Corporate culture has always been affected negatively and positively by how empowered the voice of the employee is in any organization. Recently, in the wake of the #MeToo movement, we’ve seen harrowing examples of management gone wrong, and power running amok.
Many organizations believe they’ve solved the problem with anonymous feedback programs, but HR departments that truly want to end management and workplace culture problems once and for all might have to go one step further.
Overall, employee evaluation systems have changed in many organizations, much to the delight of most workers. Instead of the boilerplate, once-a-year employee evaluation checklist, which has great power over employees; their salaries, advancement, and reputation are greatly affected, more organizations than ever are relying on continuous improvement and constant peer feedback in an increasingly collaborative environment.
The Difference Between Anonymous and Anonymized
Companies turning away from the traditional model of employee feedback and evaluation have utilized anonymous feedback systems for problems employees have with each other or with management. Many of these companies have seen improvements in their corporate culture overall, but problems exist within the anonymous feedback model. The first involves trolling. I don’t mean Internet trolling in the traditional sense, but the emotions and reasons behind needlessly harsh online criticism and unhelpful employee feedback are essentially the same. When people know they’re anonymous, they tend to vent all their feelings about others online without a filter. Commenters on websites and employees do this. However, in a corporate setting, when it comes time to stand by ones’ hateful feedback, there’s no accountability for the person complaining. As a result, the real reasons behind the review are never addressed.
Of course, you can’t swing the feedback process entirely the other way. Video communications features make it possible for employees to offer criticism to each other from across the country or across continents, but there are plenty of scenarios in which discretion is needed, and knowing who made which comment about whom isn’t always productive. Anonymized feedback provides all the benefits of fully anonymous feedback, while removing all the drawbacks. The idea is to mask the identity of the reviewer or criticizer to everyone but themselves. The identity of the reporter cannot be seen by the human resources reviewer.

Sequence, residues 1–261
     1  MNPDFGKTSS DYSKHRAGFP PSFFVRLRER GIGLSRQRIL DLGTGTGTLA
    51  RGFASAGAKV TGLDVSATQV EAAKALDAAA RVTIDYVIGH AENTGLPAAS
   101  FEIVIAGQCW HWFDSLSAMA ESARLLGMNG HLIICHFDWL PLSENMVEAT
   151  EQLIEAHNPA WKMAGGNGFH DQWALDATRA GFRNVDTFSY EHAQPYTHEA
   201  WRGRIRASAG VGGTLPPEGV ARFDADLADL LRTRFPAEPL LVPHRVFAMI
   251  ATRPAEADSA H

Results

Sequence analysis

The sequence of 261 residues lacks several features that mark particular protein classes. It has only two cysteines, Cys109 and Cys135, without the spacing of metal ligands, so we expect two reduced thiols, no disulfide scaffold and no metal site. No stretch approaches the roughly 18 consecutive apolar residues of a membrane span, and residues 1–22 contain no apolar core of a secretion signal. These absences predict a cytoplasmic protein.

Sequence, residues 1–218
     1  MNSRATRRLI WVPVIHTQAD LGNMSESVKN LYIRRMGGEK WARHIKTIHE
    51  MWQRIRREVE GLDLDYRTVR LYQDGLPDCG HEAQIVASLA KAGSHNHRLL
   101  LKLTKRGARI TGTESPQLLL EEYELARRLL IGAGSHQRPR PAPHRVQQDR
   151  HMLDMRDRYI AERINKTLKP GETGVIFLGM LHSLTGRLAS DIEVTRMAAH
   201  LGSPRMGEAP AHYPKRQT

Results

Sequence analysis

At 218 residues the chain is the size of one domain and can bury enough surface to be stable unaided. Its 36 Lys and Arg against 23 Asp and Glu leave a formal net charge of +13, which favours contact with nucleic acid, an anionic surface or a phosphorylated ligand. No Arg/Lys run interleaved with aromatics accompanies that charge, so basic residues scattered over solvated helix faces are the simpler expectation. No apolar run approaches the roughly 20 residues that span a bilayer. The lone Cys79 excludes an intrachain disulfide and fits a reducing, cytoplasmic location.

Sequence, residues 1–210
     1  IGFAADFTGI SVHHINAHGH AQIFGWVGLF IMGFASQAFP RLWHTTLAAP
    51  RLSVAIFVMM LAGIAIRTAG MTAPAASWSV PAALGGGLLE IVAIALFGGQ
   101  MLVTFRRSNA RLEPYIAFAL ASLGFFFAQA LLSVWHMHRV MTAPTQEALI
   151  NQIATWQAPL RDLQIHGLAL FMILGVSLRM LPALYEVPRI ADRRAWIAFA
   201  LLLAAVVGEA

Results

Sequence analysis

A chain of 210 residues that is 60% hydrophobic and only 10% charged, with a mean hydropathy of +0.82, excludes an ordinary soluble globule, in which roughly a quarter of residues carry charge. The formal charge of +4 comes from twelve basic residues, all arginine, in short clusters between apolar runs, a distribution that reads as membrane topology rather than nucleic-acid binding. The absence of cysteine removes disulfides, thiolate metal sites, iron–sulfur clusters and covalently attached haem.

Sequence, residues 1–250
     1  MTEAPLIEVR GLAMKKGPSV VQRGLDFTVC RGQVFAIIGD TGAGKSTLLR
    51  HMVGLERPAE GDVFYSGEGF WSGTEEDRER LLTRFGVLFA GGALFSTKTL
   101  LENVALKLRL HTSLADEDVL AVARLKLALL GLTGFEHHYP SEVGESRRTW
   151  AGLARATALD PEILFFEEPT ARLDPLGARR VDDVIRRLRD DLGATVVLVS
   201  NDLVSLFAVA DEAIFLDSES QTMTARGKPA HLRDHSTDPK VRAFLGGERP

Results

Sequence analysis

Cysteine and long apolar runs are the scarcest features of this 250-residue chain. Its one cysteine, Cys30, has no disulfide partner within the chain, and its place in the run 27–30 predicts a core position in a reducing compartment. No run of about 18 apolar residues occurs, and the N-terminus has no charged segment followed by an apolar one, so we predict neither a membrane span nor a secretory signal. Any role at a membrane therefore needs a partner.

The result of this system of secrecy is when someone has a problem, they can get solutions from the HR department or another manager without everyone else knowing they’re complaining. Managers can monitor the situation and offer solutions. The best-anonymized systems don’t allow anyone to access the identities of reviewers at any permission level. Reporters can see who’s responding to their complaints, and the recipients of feedback can converse privately with reporters. Everyone wins.
How This Affects Corporate Culture
Today’s corporate culture emphasizes teamwork and the ability to get along with everyone in the office enough to complete work together seamlessly. This can’t happen without honest feedback between peers, even if it’s small issues. In any work environment, there has to be a lifeline for when problems arise, especially personal problems. Employees need to know they can turn to their HR representatives or other managers for help when they need it. By keeping these conversations private, they retain their power and real solutions can be worked out. The beginning of this system, of course, is open dialogue between workers and management. The better able you are to reach all of your workers with a consistent messaging system, the easier any kind of feedback will get.